The reason why I wanted to have such an update tracker is that I’ve worked with a lot of Linux distributions before, but when I switched over to the Mac full-time a few years ago, I missed the package management systems (such as APT or RPM) really badly: Just typing a few commands to automatically pull software updates is great, and I wanted something similar on the Mac. Installing updates is a breeze in Apple-land (drag & drop installation is truly awesome), but actually knowning that updates have been released is difficult. I didn’t really want to constantly track some software RSS feeds, and the built-in update checkers often get in the way, at least for me (no, I started this software because I want to do something, not to download an update!). App Update satisfies this demand nicely for me.

3 Comments

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    Peter
    wrote on Mar 27, 2007 at 2:09

    I love the widget. Thanks. One quick idea. I find it would be great to make updates as to be ignored. I use some software that I know is out of date and that is fine. It would be great to be able to remove these apps from the list until another update occurs.

    Thanks for the great widget.

    p


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    georg
    wrote on Mar 27, 2007 at 7:45

    Peter, that’s already possible: Right-click an update in the list and select “Mark as installed” to ignore this update until the next one comes out, or click ‘Ignore app.’ to never check this app for updates again at all.


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    Alan
    wrote on Jul 31, 2007 at 8:11

    Georg: It would be nice to have something similar for plug-in updates — for example, Flash Player updates get little publicity even though sometimes they address important security vulnerabilities.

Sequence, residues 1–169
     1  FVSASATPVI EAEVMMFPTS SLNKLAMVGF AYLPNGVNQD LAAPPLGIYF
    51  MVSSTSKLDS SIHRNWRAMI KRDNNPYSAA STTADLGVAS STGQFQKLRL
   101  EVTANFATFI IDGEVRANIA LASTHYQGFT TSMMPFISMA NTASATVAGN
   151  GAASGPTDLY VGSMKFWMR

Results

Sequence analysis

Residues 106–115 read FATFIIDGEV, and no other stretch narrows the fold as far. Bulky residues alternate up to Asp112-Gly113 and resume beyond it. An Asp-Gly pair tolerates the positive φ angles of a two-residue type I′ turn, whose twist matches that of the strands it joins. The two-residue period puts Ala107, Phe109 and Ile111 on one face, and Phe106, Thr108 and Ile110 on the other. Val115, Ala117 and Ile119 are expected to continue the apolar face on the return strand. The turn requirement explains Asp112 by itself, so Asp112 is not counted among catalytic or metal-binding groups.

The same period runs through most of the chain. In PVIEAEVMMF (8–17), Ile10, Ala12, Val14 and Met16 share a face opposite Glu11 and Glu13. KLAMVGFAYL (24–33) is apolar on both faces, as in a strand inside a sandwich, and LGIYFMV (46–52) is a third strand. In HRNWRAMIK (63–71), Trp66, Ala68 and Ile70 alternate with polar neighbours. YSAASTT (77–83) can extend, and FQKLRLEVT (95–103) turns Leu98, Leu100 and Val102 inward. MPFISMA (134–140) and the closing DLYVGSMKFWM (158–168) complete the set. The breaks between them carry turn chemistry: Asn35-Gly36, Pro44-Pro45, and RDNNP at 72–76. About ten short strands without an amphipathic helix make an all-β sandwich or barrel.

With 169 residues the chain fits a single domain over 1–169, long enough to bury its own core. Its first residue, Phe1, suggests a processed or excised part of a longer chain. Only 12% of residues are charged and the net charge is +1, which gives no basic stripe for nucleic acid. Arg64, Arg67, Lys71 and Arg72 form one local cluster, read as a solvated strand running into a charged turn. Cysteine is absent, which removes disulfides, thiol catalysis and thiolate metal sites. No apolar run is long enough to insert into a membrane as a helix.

For Flash Player, the current version one has installed is indicated here:

    http://www.adobe.com/products/flash/about/

    …which contains a link to the Player Downoad Center.

About

Hi, how are you? My name is Georg Kaindl, and I'm a twenty-something from Vienna, Austria. During the day, I'm a CS student at the Vienna University of Technology, but at night, I turn into an independent software developer for the Macintosh platform, social nerd, lazy entrepreneur and intuitive researcher.

I like to write about everything that matters to considerate technology enthusiasts, but humbly retain the right to go off-topic from time to time.

My posts are licensed under a Creative Commons Attribution 3.0 License.

Contact

You can reach me by email if you have something to say that's not related to a blog post or that you don't want to have publicly available as a comment to a post.

However, you'll have to prove that you are human! Even though I personally like robots very much, I'm less of fan of SPAM. It's just a simple riddle to solve, but a SPAM bot won't cut it!

To get my email address, take the word before the .com in my domain name first (Hint: The word you are looking for starts with a "g" and ends with an "l"). Next, simply attach @mac.com to this word.

Boom, there's my email address. Simple, isn't it?